- Read more about stream licensing
Part III: Getting listeners for your radio
Glad you made it this far!
In this section, we’ll look at how you can get more listeners for your stream. And the tools you’ll need to do so.
8. Create a radio website & social media pages
Think of a site as the first point of contact most listeners will have with your radio.
Hey...you really don't have an excuse for not having a website, considering that you can create one for free.
Two of the most popular places to launch free sites include WordPress and Wix.com.
You'll have to forgo having a unique domain name, but you get a web presence.
Social media accounts:
You need social media pages for your radio.
Consider starting with a Facebook page or group.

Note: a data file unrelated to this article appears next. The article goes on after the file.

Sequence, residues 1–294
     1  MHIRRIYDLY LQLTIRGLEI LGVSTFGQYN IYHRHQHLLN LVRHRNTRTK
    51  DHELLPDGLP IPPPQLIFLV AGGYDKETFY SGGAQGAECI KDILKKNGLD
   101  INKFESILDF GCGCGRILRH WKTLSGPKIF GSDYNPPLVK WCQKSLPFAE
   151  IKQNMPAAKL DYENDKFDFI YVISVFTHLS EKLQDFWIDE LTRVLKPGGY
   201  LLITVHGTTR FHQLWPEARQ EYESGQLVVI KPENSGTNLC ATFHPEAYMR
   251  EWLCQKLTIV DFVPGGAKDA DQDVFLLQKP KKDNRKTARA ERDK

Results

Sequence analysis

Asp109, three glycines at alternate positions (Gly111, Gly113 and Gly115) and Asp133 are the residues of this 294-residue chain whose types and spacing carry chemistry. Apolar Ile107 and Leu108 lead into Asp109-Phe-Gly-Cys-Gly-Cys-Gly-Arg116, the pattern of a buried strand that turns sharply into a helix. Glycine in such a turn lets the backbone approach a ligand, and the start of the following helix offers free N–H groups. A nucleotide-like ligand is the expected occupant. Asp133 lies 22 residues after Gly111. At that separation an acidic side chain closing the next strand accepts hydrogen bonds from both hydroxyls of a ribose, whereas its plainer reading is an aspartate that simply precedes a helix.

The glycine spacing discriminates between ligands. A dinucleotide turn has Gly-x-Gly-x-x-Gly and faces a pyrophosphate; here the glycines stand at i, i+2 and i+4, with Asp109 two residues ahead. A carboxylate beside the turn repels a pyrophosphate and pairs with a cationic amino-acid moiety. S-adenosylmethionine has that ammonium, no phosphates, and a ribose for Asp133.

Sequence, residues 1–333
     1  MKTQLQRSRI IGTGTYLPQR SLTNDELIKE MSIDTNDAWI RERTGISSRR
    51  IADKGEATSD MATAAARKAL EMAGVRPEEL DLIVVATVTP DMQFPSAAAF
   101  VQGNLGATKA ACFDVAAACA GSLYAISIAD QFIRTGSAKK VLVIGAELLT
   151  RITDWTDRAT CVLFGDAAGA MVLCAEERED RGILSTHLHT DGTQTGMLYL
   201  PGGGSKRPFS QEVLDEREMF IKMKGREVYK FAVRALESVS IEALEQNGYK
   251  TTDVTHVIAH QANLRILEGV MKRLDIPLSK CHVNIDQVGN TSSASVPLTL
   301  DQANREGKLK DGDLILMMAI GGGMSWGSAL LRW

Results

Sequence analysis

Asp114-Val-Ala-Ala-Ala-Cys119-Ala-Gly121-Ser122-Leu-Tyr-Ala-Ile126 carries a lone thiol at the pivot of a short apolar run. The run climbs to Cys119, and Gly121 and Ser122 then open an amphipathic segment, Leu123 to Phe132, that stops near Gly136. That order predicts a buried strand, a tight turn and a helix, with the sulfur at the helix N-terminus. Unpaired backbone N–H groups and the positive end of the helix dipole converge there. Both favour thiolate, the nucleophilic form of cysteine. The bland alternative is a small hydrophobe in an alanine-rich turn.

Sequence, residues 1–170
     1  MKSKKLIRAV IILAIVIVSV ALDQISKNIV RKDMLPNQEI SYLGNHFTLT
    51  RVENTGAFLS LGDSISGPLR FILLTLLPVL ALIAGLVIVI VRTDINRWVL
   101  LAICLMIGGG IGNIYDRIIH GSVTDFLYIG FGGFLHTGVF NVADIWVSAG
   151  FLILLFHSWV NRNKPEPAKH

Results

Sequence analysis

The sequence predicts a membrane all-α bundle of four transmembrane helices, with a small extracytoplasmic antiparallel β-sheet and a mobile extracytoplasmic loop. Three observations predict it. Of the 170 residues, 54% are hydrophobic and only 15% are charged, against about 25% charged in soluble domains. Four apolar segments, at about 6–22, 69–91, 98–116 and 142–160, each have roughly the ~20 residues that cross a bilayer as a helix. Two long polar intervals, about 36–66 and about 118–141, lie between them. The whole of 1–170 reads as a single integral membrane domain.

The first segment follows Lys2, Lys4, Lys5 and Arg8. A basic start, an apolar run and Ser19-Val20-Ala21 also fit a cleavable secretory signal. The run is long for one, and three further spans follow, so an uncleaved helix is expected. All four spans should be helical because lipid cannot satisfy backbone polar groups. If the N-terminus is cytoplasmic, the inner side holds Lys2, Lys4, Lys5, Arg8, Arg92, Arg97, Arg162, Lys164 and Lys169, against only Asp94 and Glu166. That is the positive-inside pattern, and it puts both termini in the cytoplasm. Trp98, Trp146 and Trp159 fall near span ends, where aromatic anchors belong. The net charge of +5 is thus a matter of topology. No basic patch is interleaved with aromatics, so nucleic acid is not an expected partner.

It's what a lot of radios are using. And it has over 1.7 billion active users.
You can also join Facebook groups for online radio broadcasters like Internet Radio Promotion, where you can advertise your shows.
Also join Internet Radio Broadcasting, where you can chat with your peers, ask for help and more. Though, they don't like self-promotion.
What's more, smart radio broadcasters host live shows, from their Facebook page, and ask people to share their live stream on groups or on their personal feeds.
Actions for this step:
- Create a free radio website
Create social media profiles for your radio (Facebook, Twitter)
- If you plan on creating videos, open a YouTube channel.